The Art Market in the time of Coronavirus

More than a month has passed, how is the art market responding in the age of Coronavirus? Nowadays all businesses face unthinkable challenges and the art market is confronting an unprecedented phase. With the great events of this year postponed to an unknown date, art buyers are definitely moving to online for contemporary pieces.

Art market latest results

The primary art market is the one that resented most of the current situation. Last month’s results, in particular, show that sales seldom topped impressive amounts. However, people are actually continuing to buy art.

The Art Market in the time of Coronavirus

In particular, the interest of people is moving towards more contemporary artwork. Recent sales show that emerging artists are taking the scene. Art Basel Hong Kong’s online edition opened on March 18 with 235 galleries and a total of $270 million worth of art. There, in particular, a Marlene Dumas reached $2.6 million and a painting by Luc Tuymans the $2 million. Zwirner sold out of its virtual presentation of Harold Ancart’s new pool works, priced at $40,000.

The sales point out an increasing interest in emerging contemporary artists. Globally also the art market, like many other activities, has stopped due to Coronavirus. On the other hand, art galleries, in line with other companies, have accelerated their digital transformation process.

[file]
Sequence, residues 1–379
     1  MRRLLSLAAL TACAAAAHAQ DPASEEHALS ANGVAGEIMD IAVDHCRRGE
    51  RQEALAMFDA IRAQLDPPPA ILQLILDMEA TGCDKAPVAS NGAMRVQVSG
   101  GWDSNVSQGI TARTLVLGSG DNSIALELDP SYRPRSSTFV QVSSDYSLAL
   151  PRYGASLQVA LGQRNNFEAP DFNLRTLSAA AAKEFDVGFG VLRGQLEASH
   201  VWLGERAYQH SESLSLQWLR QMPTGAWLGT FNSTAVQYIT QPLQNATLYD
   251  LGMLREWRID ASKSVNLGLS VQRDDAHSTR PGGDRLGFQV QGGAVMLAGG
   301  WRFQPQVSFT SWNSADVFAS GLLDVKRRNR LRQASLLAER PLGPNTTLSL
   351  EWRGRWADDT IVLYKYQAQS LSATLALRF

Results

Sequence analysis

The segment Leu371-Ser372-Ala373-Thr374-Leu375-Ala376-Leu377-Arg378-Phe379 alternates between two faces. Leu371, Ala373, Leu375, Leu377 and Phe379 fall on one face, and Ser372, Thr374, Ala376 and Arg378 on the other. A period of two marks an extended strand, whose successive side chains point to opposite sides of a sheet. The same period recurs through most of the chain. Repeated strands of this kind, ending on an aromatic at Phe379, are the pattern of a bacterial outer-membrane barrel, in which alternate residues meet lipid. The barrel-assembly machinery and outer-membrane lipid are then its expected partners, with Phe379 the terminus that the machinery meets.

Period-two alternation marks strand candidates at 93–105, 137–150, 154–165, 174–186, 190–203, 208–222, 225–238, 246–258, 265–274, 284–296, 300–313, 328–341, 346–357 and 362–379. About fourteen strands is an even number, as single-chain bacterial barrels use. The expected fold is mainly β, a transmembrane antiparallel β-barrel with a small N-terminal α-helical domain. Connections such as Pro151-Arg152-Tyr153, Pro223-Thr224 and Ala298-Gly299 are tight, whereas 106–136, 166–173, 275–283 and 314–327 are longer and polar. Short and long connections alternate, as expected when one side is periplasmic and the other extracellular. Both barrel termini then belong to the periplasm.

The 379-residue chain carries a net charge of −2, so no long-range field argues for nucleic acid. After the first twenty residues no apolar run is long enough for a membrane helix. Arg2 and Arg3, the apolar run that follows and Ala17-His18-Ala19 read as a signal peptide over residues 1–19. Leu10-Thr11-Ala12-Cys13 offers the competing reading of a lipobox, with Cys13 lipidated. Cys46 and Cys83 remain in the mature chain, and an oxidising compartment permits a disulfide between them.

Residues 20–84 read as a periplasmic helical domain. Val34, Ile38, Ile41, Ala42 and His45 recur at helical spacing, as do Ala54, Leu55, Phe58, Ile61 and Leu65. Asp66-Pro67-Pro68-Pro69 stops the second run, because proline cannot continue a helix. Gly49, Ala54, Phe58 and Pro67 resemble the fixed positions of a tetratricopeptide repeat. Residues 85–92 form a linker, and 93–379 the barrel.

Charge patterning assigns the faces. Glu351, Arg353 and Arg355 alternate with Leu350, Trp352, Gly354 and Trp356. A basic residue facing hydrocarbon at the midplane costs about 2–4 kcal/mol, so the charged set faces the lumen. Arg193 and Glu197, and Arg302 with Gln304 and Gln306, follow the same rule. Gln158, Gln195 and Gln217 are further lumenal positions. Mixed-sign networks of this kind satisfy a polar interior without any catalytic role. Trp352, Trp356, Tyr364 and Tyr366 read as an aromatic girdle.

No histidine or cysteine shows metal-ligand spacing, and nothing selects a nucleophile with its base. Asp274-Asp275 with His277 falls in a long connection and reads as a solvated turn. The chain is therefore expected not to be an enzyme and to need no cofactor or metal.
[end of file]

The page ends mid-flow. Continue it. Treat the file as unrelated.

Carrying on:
An era of changes: the Art Market in the time of Coronavirus

Given the singularity of recent weeks, it’s too early to predict what sort of recession and recovery we may be headed for. Many saw in all of this, a valuable opportunity to renovate.

Mary Bartow, Head of Sotheby’s Prints & Multiples department stated:
“Online sales in 2020 alone have been especially robust. They raised $35+ million to-date and climbing daily. The recent sales spanned Modern and Contemporary African Art, 20th Century Middle Eastern Art, 20th Century Design. Collectors are still actively buying in the marketplace”

An era of changes: the Art Market in the time of Coronavirus

Especially in the US world, after the stock market crashes of the last two months due to the Coronavirus alarm, the use of art as a guaranteed asset against bank loans has been found to be more popular. Given these concerns, an increasing number of investors have sought liquidity by providing works of art as collateral, both for traditional investments and to offset losses from equities.

The United Kingdom maintained its second place with a 20% share, at around an estimated 12.7 billion, down 9% on an annual basis. China remained the third-largest market, with a slight drop in market share of 1% on an annual basis to 18% and an estimated trade of 11.7 billion despite the slowdown in economic growth.

The art market in the time of coronavirus is challenging. For collectors, with more time at home these days, it is the ideal opportunity to check portfolios and make sure that they are up to date. All provenance, export, and import, purchase and sale documentation, condition, restoration, and exhibition should be kept together for each artwork of private collections.

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